Kelce has been a top five center for four seasons in a row and the best at his position for the past two seasons, including the best season by a center in two decades when the Eagles won Super Bowl LII. There is no argument that he has the skill to make the Hall of Fame, but he lacks much support. He has only two Pro Bowl nods – and neither came when he was literally the best at his position. He has been the most dominant center in the league and yet, his fellow players have never voted him into the NFL Top 100 list. That, combined with the fact that it took Kelce around four season to round out his game and improve significantly in pass blocking, may be enough to sink his chances. He will need a long career and the Hall of Fame committee to put faith in places like Pro Football Focus, where he consistently receives the highest honors, in order to make it to Canton.

Cox has been completely dominant for five of his seven seasons, but voters will need to look deeper into his candidacy. He doesn’t have the accolades he should, but the league is just taking notice of how dominant he is. Looking into statistics not typically associated with defensive tackles like quarterback pressures and rating from Pro Football Focus will show just how dominant he is. He may not have the run stopping numbers of some other players or the sacks of pure pass rushers, but he is not far behind either as he plays a complete game. He will need a continued dominant career to build a solid case – time which he still has. The presence of Aaron Donald in the league is both a blessing and a curse for Cox. Donald’s dominance is often what ends up highlighting Cox’s rounded out game and showing just how far beyond Cox is beyond the rest of the competition. At the same time, Donald is so far ahead of Cox in all those same areas. Donald is a lock for Canton himself, but will voters recognize the dominance of Cox behind that freak?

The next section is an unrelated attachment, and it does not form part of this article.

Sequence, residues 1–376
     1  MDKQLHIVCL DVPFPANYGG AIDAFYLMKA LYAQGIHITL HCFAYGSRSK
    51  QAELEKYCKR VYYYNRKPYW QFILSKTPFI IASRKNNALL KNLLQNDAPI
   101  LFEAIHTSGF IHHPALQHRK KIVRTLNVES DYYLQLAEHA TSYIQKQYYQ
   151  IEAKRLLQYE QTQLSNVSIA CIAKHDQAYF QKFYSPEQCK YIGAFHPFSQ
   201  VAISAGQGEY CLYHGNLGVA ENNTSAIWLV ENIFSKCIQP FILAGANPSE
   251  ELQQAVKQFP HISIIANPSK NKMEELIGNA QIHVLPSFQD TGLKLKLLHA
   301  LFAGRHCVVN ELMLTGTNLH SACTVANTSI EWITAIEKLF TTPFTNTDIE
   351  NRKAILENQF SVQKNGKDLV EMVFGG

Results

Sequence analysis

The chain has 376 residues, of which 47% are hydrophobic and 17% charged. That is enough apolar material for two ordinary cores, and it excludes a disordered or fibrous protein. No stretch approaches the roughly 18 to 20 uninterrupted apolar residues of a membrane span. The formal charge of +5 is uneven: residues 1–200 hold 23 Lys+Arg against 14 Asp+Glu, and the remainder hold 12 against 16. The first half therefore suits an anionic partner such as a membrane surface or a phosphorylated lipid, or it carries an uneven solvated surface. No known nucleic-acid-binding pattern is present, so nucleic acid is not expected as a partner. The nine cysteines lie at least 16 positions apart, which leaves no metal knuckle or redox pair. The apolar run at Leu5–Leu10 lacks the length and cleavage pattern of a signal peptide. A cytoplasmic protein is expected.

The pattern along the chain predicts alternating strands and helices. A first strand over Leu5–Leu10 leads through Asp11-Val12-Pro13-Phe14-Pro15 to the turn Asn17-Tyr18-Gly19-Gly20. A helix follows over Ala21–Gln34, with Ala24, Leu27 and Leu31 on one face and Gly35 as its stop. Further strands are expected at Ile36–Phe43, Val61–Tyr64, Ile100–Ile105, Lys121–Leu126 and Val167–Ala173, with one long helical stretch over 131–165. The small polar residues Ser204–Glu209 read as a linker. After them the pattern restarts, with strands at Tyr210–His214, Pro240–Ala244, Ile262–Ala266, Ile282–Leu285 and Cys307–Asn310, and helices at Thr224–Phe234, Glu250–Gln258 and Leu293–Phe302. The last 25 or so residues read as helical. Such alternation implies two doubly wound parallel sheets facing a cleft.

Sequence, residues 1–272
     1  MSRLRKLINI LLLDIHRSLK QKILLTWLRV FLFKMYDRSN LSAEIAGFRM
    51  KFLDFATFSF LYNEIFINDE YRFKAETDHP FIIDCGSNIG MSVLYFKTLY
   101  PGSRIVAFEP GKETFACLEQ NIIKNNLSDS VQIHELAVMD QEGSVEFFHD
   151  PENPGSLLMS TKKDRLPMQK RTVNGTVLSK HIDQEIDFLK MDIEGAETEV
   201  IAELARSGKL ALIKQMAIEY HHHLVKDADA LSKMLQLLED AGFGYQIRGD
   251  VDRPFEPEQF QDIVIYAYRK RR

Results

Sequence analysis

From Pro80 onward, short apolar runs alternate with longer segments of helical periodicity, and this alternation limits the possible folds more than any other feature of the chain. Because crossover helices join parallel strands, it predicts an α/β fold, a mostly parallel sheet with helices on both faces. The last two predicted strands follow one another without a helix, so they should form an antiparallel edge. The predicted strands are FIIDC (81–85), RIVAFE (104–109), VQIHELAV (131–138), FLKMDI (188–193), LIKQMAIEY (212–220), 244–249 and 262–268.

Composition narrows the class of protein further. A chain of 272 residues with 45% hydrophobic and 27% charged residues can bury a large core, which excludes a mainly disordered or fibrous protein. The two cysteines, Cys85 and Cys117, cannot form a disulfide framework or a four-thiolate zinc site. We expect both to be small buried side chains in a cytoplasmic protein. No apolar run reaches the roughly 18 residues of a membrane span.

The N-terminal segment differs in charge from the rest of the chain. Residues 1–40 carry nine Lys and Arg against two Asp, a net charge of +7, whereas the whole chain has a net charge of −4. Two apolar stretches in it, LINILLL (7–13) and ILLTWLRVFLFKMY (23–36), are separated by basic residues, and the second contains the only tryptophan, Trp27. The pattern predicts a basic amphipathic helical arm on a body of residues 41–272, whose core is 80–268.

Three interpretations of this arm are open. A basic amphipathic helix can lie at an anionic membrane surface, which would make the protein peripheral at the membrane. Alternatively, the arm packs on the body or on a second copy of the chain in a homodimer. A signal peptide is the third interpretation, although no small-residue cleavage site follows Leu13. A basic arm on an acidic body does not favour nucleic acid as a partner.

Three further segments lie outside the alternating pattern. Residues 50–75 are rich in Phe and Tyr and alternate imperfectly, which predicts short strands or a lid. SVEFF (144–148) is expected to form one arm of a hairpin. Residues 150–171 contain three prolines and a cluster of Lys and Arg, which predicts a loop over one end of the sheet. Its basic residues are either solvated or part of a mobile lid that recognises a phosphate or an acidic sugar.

Since both require the longevity of continued dominance, my pick would be Cox because he his three years younger and can play fewer snaps in a rotation.

Tucker Bagley, Sports Talk Philly Contributing Writer

Carson Wentz.